First off, a bit of history via our ol' friend, Wikipedia:
"The Lone Ranger is an American, long-running, old-time radio and early television show created by George W. Trendle and developed by writer Fran Striker.
The eponymous character is a masked Texas Ranger in the American Old West, originally played by Paul Halliwell, who gallops about righting injustices with the aid of his clever, laconic Potawatomi Native American assistant, Tonto. Departing on his white horse Silver, the Ranger would famously say "Hi-yo, Silver, away!" as the horse galloped toward the setting sun.
The first of 2,956 episodes of The Lone Ranger premiered on radio January 30, 1933 on WXYZ radio in Detroit, Michigan and later on the Mutual Broadcasting System radio network and then on NBC's Blue Network (which became ABC, which broadcast the show's last new episode on September 3, 1954). Elements of the Lone Ranger story were first used in an earlier series Fran Striker wrote for a station in Buffalo, New York. Originally, the character's true identity was not revealed, though it was hinted that behind the mask he might be a historical Western hero (such as Wild Bill Hickok). Then, after a preliminary version of the character's now-standard origin appeared in the Republic movie serial of 1938 and elements of that story were worked into the radio series, the hero was revealed to be a Texas Ranger named Reid, who was one of six Texas Rangers chasing the Cavendish Gang. After entering a canyon known as "Bryant's Gap," the party finds itself in a murderous ambush arranged by Butch Cavendish, leader of the "Hole in the Wall Gang" and a man named Collins, who has infiltrated the Rangers for the gang as a scout, that seemingly leaves every ranger dead. Then Cavendish shoots Collins in the back, reasoning that someone who would betray the Rangers could also betray his gang.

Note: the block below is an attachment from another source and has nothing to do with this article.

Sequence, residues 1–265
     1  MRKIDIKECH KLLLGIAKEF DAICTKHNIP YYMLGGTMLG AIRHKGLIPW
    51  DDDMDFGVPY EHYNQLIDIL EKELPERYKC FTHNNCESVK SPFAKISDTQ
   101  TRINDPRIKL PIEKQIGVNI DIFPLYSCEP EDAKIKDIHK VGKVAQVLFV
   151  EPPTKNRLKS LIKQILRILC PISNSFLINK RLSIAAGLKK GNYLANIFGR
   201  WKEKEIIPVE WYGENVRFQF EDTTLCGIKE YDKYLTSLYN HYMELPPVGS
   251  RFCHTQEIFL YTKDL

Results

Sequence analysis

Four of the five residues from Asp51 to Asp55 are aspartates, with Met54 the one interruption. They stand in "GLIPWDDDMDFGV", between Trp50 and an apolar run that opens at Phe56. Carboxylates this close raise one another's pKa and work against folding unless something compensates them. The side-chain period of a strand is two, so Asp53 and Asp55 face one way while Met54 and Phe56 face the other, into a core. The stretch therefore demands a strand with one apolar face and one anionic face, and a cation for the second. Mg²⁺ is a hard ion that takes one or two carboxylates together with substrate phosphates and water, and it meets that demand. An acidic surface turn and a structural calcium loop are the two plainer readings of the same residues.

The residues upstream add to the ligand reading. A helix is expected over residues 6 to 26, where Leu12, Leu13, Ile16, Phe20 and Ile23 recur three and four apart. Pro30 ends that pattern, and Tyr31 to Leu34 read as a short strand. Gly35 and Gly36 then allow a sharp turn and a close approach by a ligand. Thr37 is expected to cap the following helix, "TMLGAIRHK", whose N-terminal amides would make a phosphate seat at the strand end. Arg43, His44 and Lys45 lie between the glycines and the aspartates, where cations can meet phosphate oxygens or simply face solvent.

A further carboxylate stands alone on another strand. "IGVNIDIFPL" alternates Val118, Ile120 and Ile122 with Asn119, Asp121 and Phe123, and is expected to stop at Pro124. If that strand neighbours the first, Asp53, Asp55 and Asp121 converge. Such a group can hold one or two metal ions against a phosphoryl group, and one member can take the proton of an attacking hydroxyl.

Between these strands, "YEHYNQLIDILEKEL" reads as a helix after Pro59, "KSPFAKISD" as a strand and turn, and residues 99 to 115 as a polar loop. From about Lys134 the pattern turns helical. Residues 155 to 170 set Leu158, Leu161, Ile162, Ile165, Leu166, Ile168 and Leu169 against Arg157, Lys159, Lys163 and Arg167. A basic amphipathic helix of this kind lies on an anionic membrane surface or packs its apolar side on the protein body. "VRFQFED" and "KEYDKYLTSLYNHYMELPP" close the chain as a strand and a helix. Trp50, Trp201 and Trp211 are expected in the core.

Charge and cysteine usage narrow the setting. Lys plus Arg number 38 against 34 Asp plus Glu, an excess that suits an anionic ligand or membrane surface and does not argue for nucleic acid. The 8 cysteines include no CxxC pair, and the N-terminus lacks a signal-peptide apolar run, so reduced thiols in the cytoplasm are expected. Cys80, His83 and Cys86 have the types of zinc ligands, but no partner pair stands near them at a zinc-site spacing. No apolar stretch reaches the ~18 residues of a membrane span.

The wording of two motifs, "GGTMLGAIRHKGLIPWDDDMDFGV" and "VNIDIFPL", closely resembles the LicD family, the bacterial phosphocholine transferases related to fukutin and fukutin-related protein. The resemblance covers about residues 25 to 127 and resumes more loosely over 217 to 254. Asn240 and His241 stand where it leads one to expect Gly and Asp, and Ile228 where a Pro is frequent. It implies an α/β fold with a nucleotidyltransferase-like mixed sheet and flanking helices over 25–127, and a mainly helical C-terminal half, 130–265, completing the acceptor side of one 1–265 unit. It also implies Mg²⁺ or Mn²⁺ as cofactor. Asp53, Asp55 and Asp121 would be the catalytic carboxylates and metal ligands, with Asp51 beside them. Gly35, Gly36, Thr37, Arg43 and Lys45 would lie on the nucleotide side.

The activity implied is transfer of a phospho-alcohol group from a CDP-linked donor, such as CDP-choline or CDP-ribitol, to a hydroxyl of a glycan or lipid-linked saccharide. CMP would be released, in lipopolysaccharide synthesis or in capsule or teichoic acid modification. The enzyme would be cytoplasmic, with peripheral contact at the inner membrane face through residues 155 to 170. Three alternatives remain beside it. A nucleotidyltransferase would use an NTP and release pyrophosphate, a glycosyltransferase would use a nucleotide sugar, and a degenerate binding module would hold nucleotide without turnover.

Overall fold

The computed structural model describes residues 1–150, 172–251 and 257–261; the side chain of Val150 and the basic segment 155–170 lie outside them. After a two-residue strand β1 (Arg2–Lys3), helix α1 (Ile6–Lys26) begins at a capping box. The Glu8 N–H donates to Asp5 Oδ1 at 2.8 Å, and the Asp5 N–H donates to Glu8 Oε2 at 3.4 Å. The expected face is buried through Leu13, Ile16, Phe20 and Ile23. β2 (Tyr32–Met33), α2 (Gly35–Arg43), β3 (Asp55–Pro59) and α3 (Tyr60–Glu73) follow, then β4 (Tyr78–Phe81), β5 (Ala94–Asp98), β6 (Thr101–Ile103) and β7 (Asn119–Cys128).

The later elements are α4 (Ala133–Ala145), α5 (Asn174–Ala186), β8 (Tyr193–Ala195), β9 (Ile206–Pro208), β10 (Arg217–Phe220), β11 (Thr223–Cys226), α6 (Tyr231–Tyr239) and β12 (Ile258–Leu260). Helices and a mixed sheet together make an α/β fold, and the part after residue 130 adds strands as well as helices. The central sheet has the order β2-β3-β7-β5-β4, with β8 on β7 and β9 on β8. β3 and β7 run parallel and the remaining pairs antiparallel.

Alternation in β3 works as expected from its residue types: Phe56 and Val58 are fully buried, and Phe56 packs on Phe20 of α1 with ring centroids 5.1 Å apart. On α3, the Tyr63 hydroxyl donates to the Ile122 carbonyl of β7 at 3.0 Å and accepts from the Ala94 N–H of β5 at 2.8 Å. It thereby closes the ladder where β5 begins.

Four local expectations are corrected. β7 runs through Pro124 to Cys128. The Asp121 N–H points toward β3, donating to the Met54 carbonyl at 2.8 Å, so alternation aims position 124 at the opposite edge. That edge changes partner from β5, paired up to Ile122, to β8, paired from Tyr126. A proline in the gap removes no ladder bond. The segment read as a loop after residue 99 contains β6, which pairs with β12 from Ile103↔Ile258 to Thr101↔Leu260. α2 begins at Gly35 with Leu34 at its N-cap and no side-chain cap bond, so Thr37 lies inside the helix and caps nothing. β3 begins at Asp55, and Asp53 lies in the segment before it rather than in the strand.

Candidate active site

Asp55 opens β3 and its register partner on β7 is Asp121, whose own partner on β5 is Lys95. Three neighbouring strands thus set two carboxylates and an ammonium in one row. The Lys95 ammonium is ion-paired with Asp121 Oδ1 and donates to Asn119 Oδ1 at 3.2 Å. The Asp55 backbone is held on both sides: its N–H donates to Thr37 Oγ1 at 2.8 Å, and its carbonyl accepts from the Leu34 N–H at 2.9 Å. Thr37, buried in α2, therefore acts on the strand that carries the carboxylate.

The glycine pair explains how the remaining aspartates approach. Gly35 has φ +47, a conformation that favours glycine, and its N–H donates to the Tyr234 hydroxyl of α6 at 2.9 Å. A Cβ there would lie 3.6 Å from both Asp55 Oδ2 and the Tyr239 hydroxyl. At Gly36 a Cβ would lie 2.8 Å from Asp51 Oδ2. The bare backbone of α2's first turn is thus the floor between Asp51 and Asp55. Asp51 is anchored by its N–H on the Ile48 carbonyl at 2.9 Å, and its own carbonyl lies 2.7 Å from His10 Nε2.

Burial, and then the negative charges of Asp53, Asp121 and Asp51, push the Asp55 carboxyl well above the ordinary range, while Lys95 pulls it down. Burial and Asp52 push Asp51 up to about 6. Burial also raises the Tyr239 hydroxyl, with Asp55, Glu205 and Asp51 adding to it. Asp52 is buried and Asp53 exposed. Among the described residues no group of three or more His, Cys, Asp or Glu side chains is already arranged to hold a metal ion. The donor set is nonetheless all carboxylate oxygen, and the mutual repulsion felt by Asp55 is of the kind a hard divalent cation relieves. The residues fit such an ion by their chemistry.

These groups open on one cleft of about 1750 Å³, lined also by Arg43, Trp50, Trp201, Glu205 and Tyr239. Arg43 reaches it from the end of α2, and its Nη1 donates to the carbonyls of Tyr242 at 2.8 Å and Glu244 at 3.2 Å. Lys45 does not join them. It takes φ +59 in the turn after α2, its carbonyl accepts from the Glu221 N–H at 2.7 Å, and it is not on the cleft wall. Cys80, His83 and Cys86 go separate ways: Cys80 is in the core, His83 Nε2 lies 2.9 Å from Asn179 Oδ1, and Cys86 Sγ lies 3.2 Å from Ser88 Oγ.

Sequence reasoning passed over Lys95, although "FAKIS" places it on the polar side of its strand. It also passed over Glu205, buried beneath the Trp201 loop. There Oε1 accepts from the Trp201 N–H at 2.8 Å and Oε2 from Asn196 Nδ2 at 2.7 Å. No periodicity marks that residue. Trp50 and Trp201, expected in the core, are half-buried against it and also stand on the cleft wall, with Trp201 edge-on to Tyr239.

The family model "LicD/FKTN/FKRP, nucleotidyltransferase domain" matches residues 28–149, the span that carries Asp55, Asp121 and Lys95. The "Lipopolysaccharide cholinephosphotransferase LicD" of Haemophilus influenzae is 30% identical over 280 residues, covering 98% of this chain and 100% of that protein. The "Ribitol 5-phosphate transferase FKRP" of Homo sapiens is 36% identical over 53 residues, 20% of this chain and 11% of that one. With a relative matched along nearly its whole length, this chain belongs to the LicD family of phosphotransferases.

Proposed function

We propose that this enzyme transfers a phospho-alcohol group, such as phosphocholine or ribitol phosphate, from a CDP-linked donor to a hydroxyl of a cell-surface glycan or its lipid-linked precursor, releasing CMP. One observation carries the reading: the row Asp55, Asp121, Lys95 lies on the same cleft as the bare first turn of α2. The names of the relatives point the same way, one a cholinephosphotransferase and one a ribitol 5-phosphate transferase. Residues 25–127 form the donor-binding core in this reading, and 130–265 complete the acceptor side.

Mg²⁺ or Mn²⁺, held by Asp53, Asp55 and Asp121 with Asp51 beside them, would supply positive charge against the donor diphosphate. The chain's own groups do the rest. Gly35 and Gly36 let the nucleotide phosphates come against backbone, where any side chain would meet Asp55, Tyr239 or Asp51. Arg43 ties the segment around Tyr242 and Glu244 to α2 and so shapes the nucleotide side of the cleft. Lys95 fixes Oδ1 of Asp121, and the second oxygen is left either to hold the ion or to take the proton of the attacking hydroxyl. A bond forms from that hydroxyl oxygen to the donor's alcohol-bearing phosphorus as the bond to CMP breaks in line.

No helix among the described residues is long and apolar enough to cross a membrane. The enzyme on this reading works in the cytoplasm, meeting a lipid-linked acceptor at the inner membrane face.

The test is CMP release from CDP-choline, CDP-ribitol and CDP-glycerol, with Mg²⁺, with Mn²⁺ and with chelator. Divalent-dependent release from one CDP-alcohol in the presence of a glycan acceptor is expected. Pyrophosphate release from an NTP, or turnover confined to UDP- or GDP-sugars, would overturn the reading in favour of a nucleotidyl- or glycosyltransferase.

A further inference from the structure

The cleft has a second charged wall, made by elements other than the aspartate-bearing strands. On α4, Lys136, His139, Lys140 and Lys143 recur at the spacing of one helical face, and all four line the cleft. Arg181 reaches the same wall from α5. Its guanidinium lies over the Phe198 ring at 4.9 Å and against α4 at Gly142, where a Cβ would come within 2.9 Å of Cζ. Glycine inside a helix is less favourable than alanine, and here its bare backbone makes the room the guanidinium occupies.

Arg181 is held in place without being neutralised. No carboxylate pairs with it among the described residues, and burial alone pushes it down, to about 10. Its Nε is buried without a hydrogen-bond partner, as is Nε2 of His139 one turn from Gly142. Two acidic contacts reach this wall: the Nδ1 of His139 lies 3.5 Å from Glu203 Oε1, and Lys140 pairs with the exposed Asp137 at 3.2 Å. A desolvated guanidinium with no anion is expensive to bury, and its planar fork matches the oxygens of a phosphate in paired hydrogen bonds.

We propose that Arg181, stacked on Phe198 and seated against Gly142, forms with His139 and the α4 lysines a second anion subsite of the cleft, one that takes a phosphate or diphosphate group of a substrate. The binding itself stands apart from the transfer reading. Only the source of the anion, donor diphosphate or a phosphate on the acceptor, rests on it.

Reid's childhood friend, a Native American known as Tonto (his tribe was seldom specified, but some books say he was probably supposed to be an Apache, while the radio programs identified him as a Potawatomi), comes upon the massacre and discovers Reid is still alive. Tonto takes him to safety and nurses him back to health. Tonto reminds Reid of when they were young, and Reid had rescued Tonto after renegade Indians had murdered his mother and sister and left him for dead. Reid gave him a horse, and Tonto insisted that Reid accept a ring. It is by this ring that Tonto recognizes Reid.
Okay, now that the long-winded part is over with, let's get to a real oddity....
I can vaguely remember the HUGE push Columbia Pictures made to try and make the film that the following soundtrack/original score belongs to (I even own a few of the action figures released from the period), 1981's The Legend of the Lone Ranger, again with the Wikipedia:"The film was released to massive publicity in 1981 and did poorly. Box office receipts were far short of the amount needed to recoup the costs of the film, and critical reviews were almost unanimously negative. Despite the presence of renowned actors in supporting roles, including Christopher Lloyd as villain Butch Cavendish and Jason Robards as President Ulysses S. Grant, the film vanished from theaters rapidly. The actor playing the Ranger (Klinton Spilsbury) has never appeared in another film, while the actor portraying Tonto, Michael H orse, has done somewhat better, appearing in many minor films and as a regular on the Canadian television series North of 60 as well as the American series Twin Peaks."
01- Man In The Mask (Main Title)
02- The Legend Begins
03- John and Amy Meet
04- The Valley Chase
06- The Cavendish Gang Strikes
07- Man In The Mask (Instrumental)
08- The Breaking of Silver
11- The Final Attack
12- William Tell Overture
13- Man In The Mask (End Titles)
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